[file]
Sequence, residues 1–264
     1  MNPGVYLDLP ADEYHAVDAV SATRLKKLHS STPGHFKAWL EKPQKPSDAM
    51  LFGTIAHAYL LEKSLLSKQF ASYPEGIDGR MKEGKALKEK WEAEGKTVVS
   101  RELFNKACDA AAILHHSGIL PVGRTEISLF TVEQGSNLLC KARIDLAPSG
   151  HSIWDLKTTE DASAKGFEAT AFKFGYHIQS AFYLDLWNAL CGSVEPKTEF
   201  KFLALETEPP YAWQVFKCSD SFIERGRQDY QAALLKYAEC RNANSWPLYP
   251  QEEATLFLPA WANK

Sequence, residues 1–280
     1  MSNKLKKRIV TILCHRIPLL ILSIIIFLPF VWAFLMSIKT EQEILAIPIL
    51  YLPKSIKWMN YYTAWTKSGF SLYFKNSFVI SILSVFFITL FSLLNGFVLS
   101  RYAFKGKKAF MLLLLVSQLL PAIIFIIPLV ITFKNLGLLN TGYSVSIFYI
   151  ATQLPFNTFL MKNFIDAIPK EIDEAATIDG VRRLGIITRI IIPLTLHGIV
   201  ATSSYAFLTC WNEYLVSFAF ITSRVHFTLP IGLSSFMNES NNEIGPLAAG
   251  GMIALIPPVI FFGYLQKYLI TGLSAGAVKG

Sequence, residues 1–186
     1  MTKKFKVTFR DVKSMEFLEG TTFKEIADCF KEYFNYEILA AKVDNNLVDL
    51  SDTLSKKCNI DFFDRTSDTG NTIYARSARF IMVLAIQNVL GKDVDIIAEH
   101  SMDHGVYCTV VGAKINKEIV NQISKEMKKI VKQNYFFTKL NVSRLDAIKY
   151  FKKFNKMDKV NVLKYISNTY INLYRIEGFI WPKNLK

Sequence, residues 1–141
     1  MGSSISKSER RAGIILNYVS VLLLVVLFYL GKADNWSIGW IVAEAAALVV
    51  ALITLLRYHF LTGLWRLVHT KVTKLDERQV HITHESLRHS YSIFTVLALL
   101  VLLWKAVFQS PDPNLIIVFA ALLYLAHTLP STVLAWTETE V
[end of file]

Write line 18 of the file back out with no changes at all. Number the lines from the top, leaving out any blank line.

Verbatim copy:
   101  SMDHGVYCTV VGAKINKEIV NQISKEMKKI VKQNYFFTKL NVSRLDAIKY